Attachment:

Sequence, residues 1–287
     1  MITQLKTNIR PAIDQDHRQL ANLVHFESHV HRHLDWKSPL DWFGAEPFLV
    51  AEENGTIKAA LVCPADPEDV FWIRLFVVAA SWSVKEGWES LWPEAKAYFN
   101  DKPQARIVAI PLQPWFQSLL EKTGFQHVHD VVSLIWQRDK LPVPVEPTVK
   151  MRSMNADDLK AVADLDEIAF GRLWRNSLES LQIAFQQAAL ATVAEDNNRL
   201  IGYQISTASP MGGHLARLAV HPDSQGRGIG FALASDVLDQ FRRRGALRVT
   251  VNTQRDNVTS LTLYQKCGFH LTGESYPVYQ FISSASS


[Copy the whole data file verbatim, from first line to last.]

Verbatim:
Sequence, residues 1–287
     1  MITQLKTNIR PAIDQDHRQL ANLVHFESHV HRHLDWKSPL DWFGAEPFLV
    51  AEENGTIKAA LVCPADPEDV FWIRLFVVAA SWSVKEGWES LWPEAKAYFN
   101  DKPQARIVAI PLQPWFQSLL EKTGFQHVHD VVSLIWQRDK LPVPVEPTVK
   151  MRSMNADDLK AVADLDEIAF GRLWRNSLES LQIAFQQAAL ATVAEDNNRL
   201  IGYQISTASP MGGHLARLAV HPDSQGRGIG FALASDVLDQ FRRRGALRVT
   251  VNTQRDNVTS LTLYQKCGFH LTGESYPVYQ FISSASS